Brook has wanted to fight his British rival for 20 years – now fierce grudge match takes place on Saturday
Kell Brook is worried. Not about fighting Amir Khan – that appears to hold little concern for the former welterweight world champion. His big fear today is that their long-awaited bout, 20 years in the making but now just a week away, may yet not happen.
“I’ll only feel at ease when I’m looking at him with his gloves on,” Brook says. “That’s when I’ll know it’s on.”
Little wonder Brook is anxious. This is a fight that was first floated in their amateur days, since which, Brook admits, Khan has never been far from his thoughts. Next Saturday’s bout in Manchester is the only way to escape his mental torture.
“This fight would haunt me for the rest of my life if it didn’t happen,” he explains.
The 35-year-old appears lean and sun-kissed, his jaw defined, as he speaks to Telegraph Sport from his training camp in Spain and details the moment the idea of fighting Khan became an obsession.
It was 2014 and Brook was a world champion following a stirring victory over the American Shawn Porter. Brook was 28 and in his prime. Khan, he felt, was the greatest fight out there, a bragging rights bout which “could have packed out Wembley Stadium”.
Instead, after protracted negotiations, they now meet eight years later at the 20,000 seat Manchester Arena. Tickets have been like gold dust and, although belated, it is a rivalry mired in genuine animosity. I have sat with Brook many times over the years and his eyes have grown dark at even the mention of Khan. Brook’s emotion is never far from the surface when his greatest foe figures in his imagination.
Now they meet – both 35 – in similar states of ‘decline’. This could be the last stand for the loser. “I tried everything and it never happened,” Brook says. “But now I’ll feel complete. I’ve still got a lot to give the game but I’ll feel complete because it’s a grudge match I needed on my record. For 20 years plus – since we were young amateurs – it’s been talked about and now the buzz is in the air and it’s finally here. But seriously, I won’t believe it until he steps into the ring with his gloves on, standing opposite me.”
Brook, who survived “an unprovoked machete attack” and was stabbed three times in the leg in September 2014 while on holiday with his pregnant wife in Tenerife, has come up the hard way, without the Olympic accolades, the training camps alongside Manny Pacquiao and the sojourns with fame in America, which Khan has enjoyed.
Those privileges Khan has enjoyed make Brook appear spiteful at times, but he insists that the bad blood is due to his feeling that Khan swerved him in his prime. “I know people go on about Fury and AJ as the biggest fight, but this fight has been a long time coming and now we’re here and we’ve got it,” he says. “This fight would haunt me for the rest of my life if it didn’t happen. I tried everything and it never happened. But now I’ll feel complete because it’s a grudge match I needed on my record.”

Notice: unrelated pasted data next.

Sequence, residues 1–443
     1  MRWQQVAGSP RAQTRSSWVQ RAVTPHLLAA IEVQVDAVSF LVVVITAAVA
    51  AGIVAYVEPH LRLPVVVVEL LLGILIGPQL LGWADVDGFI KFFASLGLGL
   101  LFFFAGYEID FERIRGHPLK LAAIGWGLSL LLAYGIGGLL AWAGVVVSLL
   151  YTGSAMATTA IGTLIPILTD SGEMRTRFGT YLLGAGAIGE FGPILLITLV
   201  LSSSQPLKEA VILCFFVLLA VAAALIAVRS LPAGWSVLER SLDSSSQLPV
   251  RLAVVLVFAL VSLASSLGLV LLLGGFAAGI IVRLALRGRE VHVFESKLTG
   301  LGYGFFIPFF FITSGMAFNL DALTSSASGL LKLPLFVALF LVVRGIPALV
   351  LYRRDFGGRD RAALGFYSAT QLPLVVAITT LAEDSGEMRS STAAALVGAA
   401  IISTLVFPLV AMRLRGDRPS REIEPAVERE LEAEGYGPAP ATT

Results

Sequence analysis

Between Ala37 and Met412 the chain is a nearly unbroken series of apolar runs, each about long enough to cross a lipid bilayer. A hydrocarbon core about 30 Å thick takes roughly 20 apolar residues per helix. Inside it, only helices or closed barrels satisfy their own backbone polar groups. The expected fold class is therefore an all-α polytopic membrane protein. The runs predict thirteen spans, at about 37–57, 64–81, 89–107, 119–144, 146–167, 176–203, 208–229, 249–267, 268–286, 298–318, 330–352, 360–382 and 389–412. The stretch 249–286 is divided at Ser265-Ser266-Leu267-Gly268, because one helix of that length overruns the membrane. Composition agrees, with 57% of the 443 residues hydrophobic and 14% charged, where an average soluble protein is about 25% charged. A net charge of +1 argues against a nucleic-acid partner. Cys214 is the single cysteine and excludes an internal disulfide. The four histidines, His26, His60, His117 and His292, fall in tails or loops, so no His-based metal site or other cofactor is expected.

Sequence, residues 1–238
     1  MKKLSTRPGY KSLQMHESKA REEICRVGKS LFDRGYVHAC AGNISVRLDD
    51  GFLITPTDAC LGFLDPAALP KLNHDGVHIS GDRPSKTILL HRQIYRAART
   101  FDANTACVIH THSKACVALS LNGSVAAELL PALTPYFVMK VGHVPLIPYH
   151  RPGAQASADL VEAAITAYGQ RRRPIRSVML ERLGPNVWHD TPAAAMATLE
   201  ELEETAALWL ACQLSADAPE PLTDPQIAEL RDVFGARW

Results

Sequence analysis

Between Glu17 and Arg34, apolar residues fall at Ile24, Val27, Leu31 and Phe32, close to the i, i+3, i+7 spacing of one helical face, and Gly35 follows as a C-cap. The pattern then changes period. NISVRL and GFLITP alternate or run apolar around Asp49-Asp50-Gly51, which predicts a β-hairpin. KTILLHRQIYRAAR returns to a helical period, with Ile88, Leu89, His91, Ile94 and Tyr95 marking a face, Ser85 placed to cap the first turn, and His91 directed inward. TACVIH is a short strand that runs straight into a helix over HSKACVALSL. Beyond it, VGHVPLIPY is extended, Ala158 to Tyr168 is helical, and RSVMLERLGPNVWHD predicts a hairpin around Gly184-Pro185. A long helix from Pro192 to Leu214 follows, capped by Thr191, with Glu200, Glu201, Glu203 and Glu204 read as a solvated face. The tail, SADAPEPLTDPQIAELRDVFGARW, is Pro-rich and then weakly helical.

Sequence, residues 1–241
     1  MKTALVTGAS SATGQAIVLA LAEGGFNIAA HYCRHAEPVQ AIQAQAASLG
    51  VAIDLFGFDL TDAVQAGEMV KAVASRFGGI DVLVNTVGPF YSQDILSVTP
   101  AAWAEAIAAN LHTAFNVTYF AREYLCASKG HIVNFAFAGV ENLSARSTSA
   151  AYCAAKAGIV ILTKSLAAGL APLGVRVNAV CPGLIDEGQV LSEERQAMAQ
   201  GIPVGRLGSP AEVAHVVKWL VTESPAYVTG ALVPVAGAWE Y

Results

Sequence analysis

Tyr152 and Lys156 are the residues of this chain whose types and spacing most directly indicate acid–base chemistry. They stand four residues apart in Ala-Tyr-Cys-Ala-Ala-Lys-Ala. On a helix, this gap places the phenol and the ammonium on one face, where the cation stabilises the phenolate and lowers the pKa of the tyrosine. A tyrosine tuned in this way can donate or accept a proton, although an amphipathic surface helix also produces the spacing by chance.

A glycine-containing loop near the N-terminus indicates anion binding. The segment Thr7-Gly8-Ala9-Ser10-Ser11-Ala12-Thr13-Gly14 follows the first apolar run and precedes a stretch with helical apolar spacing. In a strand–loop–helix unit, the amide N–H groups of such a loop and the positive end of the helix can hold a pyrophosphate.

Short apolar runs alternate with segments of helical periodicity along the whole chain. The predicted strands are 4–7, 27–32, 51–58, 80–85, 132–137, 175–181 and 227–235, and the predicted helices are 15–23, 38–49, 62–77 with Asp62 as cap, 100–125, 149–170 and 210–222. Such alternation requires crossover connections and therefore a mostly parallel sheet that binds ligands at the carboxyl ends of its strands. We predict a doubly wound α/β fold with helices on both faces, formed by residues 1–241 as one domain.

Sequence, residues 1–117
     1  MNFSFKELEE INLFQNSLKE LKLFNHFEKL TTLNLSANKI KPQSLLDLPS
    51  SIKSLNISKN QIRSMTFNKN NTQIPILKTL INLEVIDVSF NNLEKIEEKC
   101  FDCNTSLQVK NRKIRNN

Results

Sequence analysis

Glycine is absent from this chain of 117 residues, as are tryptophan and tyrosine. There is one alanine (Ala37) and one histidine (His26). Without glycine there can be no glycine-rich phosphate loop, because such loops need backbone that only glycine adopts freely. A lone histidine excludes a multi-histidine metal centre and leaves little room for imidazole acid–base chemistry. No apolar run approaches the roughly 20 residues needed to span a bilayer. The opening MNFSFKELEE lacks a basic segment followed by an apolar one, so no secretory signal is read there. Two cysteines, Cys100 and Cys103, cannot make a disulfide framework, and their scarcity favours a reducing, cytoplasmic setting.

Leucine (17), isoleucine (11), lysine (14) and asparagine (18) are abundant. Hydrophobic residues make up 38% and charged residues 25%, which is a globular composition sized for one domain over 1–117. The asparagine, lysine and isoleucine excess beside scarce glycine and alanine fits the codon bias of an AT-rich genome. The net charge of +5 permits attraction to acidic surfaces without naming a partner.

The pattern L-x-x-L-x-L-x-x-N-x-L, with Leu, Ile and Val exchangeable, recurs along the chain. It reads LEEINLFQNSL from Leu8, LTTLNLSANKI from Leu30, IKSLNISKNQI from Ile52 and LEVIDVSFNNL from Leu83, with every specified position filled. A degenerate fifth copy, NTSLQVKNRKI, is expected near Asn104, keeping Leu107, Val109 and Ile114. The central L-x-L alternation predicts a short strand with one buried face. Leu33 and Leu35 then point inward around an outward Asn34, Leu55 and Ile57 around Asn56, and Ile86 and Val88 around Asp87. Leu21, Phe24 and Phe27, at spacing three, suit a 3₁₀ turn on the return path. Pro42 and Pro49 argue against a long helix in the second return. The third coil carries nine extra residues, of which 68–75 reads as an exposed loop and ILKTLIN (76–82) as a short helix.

There is respect – as a fighter – for Khan. “This fight has got to be put up there,” he says. “He’s also done well in his career and become a world champion and fought in America against the big names. He’s another Brit close to myself, I’m Sheffield and he’s Bolton. We’re not even an hour’s drive from each other. We finally get the fight everyone wants to see. It will define me. It will show I’ve done absolutely everything in the boxing game. Fighting fights that shock people, moving up two weights to fight Gennady Golovkin, and fighting Terence Crawford and going overseas to win the title against Porter, winning the British title outright. But this is the icing on the cake for me. It’s right up there. This fight is mega. I can actually feel it.”
Better late than never, of course. But even Brook will admit to regret that this is a fight that did not happen in his prime. “I really wish we could have had a bigger arena. But it is what it is. It’s sold out in record time and it shows you this fight has not lost its appeal,” he says. “It would have been a lot better a good few years before but better late than never.”
Brook has been insulted by Khan’s comments that the Bolton man is “levels above” his Yorkshire foe, but that plays into the mindset, the game plan. “If he believes what he’s saying, he’s in for a rude awakening. I’m no average man, I’m a YY gene, a one off. It’s a mega fight however you look at it.”
Bragging rights will be on the line come Saturday night. After all the talk, all the hype, all these years, the fight. “The closer we get the bigger it will get. I think he’s looking more at the money, for me it’s real, not about the money,” Brook finishes.
“He lives a different lifestyle to me – if I wanted to get out of the game I could. This fight is more than money for me, it’s personal. I believe I can die a happy man with victory over Khan. I really can die a happy man. It’s a tough, dangerous game. I’ve been in with the pound for pounds, I’ve been to America and won a world title. To have this on the top of my resume is the icing on the cake for me.”
Amir Khan vs Kell Brook is live on Sky Box Office on February 19